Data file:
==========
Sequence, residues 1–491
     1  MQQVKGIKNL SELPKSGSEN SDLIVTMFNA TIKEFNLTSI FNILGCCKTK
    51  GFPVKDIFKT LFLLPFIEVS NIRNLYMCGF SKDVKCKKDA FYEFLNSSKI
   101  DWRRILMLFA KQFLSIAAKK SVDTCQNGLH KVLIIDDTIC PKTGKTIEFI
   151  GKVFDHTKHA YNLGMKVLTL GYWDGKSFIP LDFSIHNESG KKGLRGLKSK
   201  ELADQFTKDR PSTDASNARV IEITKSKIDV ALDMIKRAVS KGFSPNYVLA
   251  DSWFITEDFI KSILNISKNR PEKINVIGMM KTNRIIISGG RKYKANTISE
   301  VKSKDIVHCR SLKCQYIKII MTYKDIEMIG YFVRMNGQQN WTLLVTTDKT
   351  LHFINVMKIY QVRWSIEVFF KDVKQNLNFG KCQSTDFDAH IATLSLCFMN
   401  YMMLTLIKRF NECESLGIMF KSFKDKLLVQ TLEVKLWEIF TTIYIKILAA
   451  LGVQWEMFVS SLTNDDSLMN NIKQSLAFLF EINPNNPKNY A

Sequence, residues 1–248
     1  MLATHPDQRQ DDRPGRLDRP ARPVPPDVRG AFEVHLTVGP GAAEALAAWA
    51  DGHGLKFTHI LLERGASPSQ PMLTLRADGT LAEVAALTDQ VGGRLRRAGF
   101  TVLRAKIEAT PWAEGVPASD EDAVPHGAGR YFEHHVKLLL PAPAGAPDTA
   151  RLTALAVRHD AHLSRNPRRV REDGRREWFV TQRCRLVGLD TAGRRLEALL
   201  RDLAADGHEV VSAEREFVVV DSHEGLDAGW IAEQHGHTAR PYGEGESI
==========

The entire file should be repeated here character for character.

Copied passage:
Sequence, residues 1–491
     1  MQQVKGIKNL SELPKSGSEN SDLIVTMFNA TIKEFNLTSI FNILGCCKTK
    51  GFPVKDIFKT LFLLPFIEVS NIRNLYMCGF SKDVKCKKDA FYEFLNSSKI
   101  DWRRILMLFA KQFLSIAAKK SVDTCQNGLH KVLIIDDTIC PKTGKTIEFI
   151  GKVFDHTKHA YNLGMKVLTL GYWDGKSFIP LDFSIHNESG KKGLRGLKSK
   201  ELADQFTKDR PSTDASNARV IEITKSKIDV ALDMIKRAVS KGFSPNYVLA
   251  DSWFITEDFI KSILNISKNR PEKINVIGMM KTNRIIISGG RKYKANTISE
   301  VKSKDIVHCR SLKCQYIKII MTYKDIEMIG YFVRMNGQQN WTLLVTTDKT
   351  LHFINVMKIY QVRWSIEVFF KDVKQNLNFG KCQSTDFDAH IATLSLCFMN
   401  YMMLTLIKRF NECESLGIMF KSFKDKLLVQ TLEVKLWEIF TTIYIKILAA
   451  LGVQWEMFVS SLTNDDSLMN NIKQSLAFLF EINPNNPKNY A

Sequence, residues 1–248
     1  MLATHPDQRQ DDRPGRLDRP ARPVPPDVRG AFEVHLTVGP GAAEALAAWA
    51  DGHGLKFTHI LLERGASPSQ PMLTLRADGT LAEVAALTDQ VGGRLRRAGF
   101  TVLRAKIEAT PWAEGVPASD EDAVPHGAGR YFEHHVKLLL PAPAGAPDTA
   151  RLTALAVRHD AHLSRNPRRV REDGRREWFV TQRCRLVGLD TAGRRLEALL
   201  RDLAADGHEV VSAEREFVVV DSHEGLDAGW IAEQHGHTAR PYGEGESI